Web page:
ROY Lichtenstein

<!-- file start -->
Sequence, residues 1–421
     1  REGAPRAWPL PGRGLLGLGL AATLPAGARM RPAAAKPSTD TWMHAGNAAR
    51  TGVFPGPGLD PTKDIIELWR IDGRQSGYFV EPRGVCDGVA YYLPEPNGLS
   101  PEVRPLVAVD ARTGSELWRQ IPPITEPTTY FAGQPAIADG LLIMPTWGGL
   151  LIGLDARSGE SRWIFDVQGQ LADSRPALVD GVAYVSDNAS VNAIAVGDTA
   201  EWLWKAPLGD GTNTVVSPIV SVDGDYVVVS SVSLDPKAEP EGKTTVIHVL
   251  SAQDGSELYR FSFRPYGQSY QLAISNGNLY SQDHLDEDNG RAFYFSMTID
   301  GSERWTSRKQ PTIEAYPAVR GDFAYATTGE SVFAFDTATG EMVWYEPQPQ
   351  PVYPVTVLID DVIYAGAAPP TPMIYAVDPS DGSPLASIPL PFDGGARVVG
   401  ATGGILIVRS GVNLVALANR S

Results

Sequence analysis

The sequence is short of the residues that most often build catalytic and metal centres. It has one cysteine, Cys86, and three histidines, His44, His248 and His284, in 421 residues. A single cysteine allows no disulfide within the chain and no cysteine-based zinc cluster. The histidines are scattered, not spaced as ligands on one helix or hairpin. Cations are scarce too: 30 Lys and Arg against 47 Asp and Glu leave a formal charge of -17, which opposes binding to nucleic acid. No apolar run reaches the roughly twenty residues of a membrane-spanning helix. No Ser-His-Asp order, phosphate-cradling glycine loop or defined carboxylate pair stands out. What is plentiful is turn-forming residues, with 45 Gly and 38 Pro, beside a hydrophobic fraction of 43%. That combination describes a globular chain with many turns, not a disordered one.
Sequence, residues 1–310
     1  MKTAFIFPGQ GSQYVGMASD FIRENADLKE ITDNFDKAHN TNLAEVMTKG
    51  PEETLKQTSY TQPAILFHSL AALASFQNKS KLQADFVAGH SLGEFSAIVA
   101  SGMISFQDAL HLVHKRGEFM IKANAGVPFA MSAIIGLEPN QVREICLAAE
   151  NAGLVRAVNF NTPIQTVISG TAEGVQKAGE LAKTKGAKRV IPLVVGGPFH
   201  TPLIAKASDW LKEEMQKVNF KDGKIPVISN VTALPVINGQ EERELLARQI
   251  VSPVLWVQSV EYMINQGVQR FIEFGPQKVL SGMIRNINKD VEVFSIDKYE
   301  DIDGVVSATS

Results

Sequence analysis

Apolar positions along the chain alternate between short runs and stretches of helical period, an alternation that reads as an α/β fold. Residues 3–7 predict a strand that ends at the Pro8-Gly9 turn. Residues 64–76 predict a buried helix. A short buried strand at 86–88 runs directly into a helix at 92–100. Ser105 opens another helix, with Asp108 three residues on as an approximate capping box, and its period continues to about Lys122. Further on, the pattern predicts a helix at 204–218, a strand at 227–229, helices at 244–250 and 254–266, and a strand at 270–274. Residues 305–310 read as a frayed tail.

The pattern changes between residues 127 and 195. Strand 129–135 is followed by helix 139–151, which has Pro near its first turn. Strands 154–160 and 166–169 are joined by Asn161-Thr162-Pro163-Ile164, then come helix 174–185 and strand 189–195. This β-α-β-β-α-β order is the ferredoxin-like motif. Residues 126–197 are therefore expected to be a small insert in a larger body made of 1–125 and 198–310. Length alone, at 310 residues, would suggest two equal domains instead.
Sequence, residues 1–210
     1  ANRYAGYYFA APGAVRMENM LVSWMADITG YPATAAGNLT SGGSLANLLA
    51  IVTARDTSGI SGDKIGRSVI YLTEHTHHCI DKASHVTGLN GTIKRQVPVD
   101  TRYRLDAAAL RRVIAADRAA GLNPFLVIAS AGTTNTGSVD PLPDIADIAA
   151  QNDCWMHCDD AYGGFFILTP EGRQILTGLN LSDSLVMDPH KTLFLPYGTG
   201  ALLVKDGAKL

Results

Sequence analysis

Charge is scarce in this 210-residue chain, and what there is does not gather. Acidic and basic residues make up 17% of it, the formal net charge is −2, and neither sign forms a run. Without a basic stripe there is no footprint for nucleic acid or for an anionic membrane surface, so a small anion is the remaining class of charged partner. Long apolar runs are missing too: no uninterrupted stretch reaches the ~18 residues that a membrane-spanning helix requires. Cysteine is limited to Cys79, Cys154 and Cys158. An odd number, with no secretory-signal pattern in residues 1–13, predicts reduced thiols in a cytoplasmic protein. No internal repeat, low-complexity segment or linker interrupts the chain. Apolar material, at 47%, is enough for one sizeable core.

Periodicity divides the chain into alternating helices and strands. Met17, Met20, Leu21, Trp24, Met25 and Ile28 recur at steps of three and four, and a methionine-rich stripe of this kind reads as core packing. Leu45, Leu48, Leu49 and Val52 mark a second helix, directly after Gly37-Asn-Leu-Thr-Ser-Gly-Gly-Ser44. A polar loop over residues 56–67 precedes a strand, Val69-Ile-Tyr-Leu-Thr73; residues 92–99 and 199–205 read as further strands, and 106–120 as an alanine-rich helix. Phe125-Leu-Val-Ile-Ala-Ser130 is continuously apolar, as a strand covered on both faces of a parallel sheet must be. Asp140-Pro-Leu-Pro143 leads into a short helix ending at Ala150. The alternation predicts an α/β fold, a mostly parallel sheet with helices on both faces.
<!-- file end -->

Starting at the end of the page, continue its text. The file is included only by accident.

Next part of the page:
American popartist Roy Fox Lichtenstein was born October 27, 1923 . During the 1960s, along with Andy Warhol,Jasper Johns, and James Rosenquist among others, he became a leading figure in the new art movement. His work defined the basic premise of pop art better than any other through parody.Favoring the comic strip as his main inspiration, Lichtenstein produced hard-edged, precise compositions that documented while it parodied often in a tongue-in-cheek humorous manner. His work was heavily influenced by both popular advertising and the comic book style. He described pop art as, “not ‘American’ painting but actually industrial painting”.His paintings were exhibited at the Leo Castelli Gallery in New York City Drowning Gtrl,Whaam! and Look Mickey are regarded as his most influential works.Woman with Flowered Hat has held the record for highet Lichtenstein auction price